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GatekeepersThe Emergence of World Literature and the 1960s$
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William Marling

Print publication date: 2016

Print ISBN-13: 9780190274146

Published to Oxford Scholarship Online: April 2016

DOI: 10.1093/acprof:oso/9780190274146.001.0001

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Haruki Murakami

Haruki Murakami

The Prizes, Process, and Production of World Literature

Chapter:
(p.115) 4 Haruki Murakami
Source:
Gatekeepers
Author(s):

William Marling

Publisher:
Oxford University Press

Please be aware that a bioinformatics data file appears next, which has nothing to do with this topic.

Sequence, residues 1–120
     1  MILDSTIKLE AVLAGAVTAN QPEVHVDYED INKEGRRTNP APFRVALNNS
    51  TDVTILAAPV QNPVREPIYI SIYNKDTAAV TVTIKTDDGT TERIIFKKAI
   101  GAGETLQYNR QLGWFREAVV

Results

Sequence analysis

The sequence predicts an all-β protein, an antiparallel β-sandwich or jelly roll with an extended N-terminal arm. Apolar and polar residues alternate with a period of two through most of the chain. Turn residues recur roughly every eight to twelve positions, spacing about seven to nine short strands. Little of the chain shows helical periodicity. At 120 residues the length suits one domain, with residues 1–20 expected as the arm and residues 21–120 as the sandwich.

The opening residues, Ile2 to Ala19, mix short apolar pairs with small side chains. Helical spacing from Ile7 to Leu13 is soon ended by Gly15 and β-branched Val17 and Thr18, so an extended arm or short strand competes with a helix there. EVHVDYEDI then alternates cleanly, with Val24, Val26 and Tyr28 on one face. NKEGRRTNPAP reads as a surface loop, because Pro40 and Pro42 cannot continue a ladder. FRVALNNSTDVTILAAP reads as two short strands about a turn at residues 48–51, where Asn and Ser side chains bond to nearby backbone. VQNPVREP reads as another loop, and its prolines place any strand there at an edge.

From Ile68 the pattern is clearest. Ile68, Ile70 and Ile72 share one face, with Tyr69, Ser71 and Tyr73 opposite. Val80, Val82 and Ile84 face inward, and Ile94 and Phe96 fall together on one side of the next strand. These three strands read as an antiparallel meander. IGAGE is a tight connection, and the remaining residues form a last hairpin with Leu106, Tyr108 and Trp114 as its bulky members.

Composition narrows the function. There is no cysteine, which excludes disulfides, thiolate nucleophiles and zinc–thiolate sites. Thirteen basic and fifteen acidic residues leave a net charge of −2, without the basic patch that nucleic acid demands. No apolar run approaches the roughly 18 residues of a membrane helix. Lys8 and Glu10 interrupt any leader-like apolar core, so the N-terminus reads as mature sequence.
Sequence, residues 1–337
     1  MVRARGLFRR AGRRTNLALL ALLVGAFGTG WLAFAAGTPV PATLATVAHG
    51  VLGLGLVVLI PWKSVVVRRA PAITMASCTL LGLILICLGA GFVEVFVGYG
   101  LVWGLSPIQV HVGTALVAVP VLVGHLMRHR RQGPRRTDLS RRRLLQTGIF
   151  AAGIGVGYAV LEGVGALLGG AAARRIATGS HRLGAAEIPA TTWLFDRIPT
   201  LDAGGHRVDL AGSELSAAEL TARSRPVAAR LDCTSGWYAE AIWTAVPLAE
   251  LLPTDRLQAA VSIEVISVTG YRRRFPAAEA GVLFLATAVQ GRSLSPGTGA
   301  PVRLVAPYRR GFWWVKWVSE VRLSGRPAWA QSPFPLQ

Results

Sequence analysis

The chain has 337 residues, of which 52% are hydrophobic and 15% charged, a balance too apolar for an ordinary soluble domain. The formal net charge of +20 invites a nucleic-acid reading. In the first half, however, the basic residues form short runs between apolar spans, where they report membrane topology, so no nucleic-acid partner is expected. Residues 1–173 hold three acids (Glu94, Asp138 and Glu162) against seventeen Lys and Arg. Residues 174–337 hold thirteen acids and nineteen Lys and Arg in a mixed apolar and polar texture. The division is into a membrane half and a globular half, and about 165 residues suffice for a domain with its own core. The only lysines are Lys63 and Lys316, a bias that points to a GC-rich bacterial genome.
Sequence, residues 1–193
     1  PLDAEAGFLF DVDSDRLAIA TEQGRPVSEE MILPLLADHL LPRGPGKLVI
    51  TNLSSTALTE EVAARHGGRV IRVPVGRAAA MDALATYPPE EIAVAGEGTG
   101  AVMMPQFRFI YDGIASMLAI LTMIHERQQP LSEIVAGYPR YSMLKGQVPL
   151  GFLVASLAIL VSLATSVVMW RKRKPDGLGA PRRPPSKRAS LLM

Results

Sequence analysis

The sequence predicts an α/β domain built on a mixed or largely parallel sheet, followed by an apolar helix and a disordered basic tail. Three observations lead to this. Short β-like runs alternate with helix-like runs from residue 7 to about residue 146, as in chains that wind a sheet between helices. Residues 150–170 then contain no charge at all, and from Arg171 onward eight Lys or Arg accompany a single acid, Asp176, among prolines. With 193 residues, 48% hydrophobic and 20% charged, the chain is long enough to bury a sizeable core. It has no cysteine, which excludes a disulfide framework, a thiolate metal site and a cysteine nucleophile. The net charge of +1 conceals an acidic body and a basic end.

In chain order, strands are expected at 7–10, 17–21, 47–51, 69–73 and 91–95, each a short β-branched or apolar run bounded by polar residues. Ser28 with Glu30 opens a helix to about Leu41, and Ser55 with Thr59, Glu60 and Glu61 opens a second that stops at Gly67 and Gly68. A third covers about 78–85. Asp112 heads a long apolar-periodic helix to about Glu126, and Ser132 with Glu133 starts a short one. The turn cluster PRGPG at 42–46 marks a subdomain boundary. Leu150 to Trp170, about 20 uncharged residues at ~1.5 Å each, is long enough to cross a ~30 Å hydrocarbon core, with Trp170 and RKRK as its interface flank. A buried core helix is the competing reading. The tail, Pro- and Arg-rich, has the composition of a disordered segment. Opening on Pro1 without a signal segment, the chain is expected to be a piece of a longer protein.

DOI:10.1093/acprof:oso/9780190274146.003.0005

Murakami rose through Japan’s literary prize system and small journals, winning the Gunzo Prize for Hear the Wind Sing. He then trained himself to be a translator and apprenticed by translating Raymond Carver, Raymond Chandler, and F. Scott Fitzgerald. In his inter-textual word play, analyzed by Rebecca Suter, he forged a new style attractive to Japanese consumers in the Japanese Boom of the 1980s. Norwegian Wood, however, shows this style to be based on unresolved tensions from the 1960s student movement. He puts “gatekeeping” at the thematic center of his early work, but later (in 1Q84) attacks the industrialization of literature in Japan. His own assembly line approach to writing and translation, revealed by German scholars, highlights the “process and production” mode of current World Literature.

Keywords:   Haruki Murakami, literary prizes, Jay Rubin, Alfred Birnbaum, literary translation from Japanese, Japanese literary market, Banana Yoshimoto, Rebecca Suter, Norwegian Wood, Beatles

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